Well, we are between months four and five post ATG at this point, but I held off on posting because I was hoping to have more information to share.
We have seen a very slight improvement in Ryan’s platelet count. And by “improvement”, I mean that we have been able to space out the time between transfusions just a little bit. He was requiring platelet transfusions each week, up until Halloween day, when we went to his clinic appointment expecting him to need a transfusion, but his platelet count was 32,000. As a reminder, a normal platelet count for a child Ryan’s age should be 250,000-550,000. Even though 32,000 is well below a normal range, doctors do not like to transfuse until a patient is around 10,000 in order to limit the number of transfusions they receive, which can increase antibodies in their system and, among other things, increase the risk of bone marrow transplant rejection and graft verses host disease (GVHD) if the patient later has a transplant. Anything under 10,000 is considered in the “danger zone” where there is a high risk of hemorrhage.
So, we skipped a transfusion on Halloween and the doctor decided we could wait another week. Within a few days, I started noticing petechiae (red dots that indicate low platelets) under Ryan’s Eyes and bruises on his arms and legs. By the end of the 2-week period his platelet count was down to 6,000.
A week later, we finally were able to have our appointment with the doctors from
Fred Hutchinson Cancer
in Seattle. The two doctors we met with specialize in,
and research, bone marrow failure diseases.
I was a little bit disappointed because my expectation of the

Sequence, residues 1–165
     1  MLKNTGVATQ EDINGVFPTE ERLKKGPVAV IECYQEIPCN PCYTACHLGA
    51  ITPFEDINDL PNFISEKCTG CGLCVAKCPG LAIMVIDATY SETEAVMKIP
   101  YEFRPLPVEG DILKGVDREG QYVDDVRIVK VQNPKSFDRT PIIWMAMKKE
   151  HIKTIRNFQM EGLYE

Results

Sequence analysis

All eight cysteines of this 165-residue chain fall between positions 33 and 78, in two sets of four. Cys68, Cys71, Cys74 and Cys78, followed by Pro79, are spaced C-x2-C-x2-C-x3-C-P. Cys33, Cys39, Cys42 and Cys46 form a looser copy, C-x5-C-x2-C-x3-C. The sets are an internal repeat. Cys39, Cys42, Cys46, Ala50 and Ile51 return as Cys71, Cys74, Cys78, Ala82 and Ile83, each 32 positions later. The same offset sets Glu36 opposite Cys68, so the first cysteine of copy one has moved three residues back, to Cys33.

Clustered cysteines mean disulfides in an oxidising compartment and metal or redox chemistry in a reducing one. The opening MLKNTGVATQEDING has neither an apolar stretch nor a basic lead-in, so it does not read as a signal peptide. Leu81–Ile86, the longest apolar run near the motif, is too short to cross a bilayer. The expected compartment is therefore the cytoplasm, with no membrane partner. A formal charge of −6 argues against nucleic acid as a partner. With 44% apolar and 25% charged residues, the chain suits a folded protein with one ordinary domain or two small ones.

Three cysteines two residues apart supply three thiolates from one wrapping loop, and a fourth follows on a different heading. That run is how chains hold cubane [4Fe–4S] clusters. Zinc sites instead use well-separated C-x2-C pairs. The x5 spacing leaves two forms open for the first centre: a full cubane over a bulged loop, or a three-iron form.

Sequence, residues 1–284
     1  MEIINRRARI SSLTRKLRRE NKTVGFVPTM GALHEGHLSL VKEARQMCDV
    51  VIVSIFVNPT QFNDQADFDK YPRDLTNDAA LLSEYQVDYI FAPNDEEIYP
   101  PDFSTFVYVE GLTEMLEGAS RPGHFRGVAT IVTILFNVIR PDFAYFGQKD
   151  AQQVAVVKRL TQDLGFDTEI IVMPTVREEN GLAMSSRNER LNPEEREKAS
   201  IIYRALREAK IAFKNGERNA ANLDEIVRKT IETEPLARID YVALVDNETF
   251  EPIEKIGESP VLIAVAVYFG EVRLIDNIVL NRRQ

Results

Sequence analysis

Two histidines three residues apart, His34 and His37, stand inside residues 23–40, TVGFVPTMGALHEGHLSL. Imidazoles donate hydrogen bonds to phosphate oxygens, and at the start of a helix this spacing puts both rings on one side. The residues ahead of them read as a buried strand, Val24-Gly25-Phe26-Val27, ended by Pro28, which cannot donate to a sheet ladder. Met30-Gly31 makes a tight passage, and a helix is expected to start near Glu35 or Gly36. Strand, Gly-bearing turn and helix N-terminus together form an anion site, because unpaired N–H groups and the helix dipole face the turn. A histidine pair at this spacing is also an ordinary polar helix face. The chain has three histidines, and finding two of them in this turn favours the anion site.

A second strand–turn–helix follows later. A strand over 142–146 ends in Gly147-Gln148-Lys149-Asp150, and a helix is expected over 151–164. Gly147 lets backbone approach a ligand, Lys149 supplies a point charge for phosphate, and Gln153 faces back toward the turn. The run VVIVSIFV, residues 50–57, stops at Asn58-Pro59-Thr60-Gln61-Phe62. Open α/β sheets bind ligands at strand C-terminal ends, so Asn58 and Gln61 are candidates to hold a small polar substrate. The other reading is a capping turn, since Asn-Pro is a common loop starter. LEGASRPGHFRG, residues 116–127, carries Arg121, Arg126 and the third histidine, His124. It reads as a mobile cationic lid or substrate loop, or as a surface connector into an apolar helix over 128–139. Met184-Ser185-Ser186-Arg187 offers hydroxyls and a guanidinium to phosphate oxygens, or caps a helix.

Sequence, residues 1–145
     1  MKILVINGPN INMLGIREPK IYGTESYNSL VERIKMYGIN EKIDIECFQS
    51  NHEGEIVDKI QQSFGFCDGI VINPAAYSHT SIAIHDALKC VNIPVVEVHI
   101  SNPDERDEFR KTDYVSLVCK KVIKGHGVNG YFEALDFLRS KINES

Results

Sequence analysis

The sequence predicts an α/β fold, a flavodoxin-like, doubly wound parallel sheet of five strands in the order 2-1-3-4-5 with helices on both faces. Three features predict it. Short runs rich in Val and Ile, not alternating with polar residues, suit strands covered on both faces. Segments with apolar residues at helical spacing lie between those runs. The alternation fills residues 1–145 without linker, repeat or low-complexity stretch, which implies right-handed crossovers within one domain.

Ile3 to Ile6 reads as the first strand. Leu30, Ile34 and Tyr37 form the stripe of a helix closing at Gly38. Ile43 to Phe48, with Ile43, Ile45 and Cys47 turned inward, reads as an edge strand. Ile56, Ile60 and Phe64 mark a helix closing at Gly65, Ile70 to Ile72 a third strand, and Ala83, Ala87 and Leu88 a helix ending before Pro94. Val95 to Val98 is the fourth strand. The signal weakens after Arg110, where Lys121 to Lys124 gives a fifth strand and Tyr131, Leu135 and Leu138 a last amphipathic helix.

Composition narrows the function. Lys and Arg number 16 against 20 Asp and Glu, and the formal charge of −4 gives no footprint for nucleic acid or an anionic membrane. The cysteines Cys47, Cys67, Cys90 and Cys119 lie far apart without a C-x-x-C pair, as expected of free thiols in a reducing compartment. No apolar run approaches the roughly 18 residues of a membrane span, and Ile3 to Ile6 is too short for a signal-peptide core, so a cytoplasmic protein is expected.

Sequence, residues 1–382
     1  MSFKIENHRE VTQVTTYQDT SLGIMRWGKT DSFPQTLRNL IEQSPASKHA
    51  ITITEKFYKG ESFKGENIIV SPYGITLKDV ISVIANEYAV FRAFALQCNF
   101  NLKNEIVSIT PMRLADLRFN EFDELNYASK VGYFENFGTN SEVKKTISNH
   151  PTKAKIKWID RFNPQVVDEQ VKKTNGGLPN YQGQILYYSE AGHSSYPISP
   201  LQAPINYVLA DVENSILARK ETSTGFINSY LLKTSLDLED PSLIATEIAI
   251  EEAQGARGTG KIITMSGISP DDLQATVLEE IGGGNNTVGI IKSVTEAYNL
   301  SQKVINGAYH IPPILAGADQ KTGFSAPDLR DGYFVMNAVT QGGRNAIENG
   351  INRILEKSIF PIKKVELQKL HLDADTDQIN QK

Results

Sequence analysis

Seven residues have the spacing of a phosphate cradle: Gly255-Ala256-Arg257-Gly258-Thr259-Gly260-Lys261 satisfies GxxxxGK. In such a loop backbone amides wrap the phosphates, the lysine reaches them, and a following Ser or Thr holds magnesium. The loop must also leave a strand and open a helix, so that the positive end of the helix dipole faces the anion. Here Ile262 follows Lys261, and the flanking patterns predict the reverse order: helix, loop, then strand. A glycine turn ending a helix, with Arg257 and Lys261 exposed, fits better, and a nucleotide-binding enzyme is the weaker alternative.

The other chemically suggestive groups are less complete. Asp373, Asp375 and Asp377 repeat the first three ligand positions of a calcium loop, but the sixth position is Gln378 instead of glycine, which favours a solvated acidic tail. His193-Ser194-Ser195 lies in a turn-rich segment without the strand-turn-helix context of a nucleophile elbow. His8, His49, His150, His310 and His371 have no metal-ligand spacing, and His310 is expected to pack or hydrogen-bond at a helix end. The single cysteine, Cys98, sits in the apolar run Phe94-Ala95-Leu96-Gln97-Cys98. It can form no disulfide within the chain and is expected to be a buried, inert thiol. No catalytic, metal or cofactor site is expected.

appointment was that the doctors had already received all of the tests Ryan
previously had and that they would be making a recommendation regarding whether
we should pursue a bone marrow transplant.
Instead, we were basically starting over with new doctors - answering
questions, giving family history, etc.
They told us they wanted to do several more genetic tests and a new bone marrow biopsy. They also asked our permission to map Ryan’s genome, which I think is really cool and I am curious to know if any new information comes out of that (although we were told that sometimes they get information that they don’t know what to do with). One of the reasons for all of the genetic testing is that, if they do find something genetic, and Ryan does proceed to transplant, it could help the transplant team determine the pre-conditioning regimen. Certain chemotherapy drugs can be more toxic if you have certain genetic conditions.
The doctors were great to speak with; it just wasn't what I expected the appointment to be all about. The lesson learned for me is to ask more questions in advance about what to expect. I had created an entire page full of questions about the transplant process, but that just isn't at all why we were there. At the end of the 5-hour appointment, they took about 10 vials of blood for various tests and scheduled a bone marrow biopsy for November 21st (tomorrow at this point). Ryan’s platelet count that day was 25,000 so we were able to skip another platelet transfusion.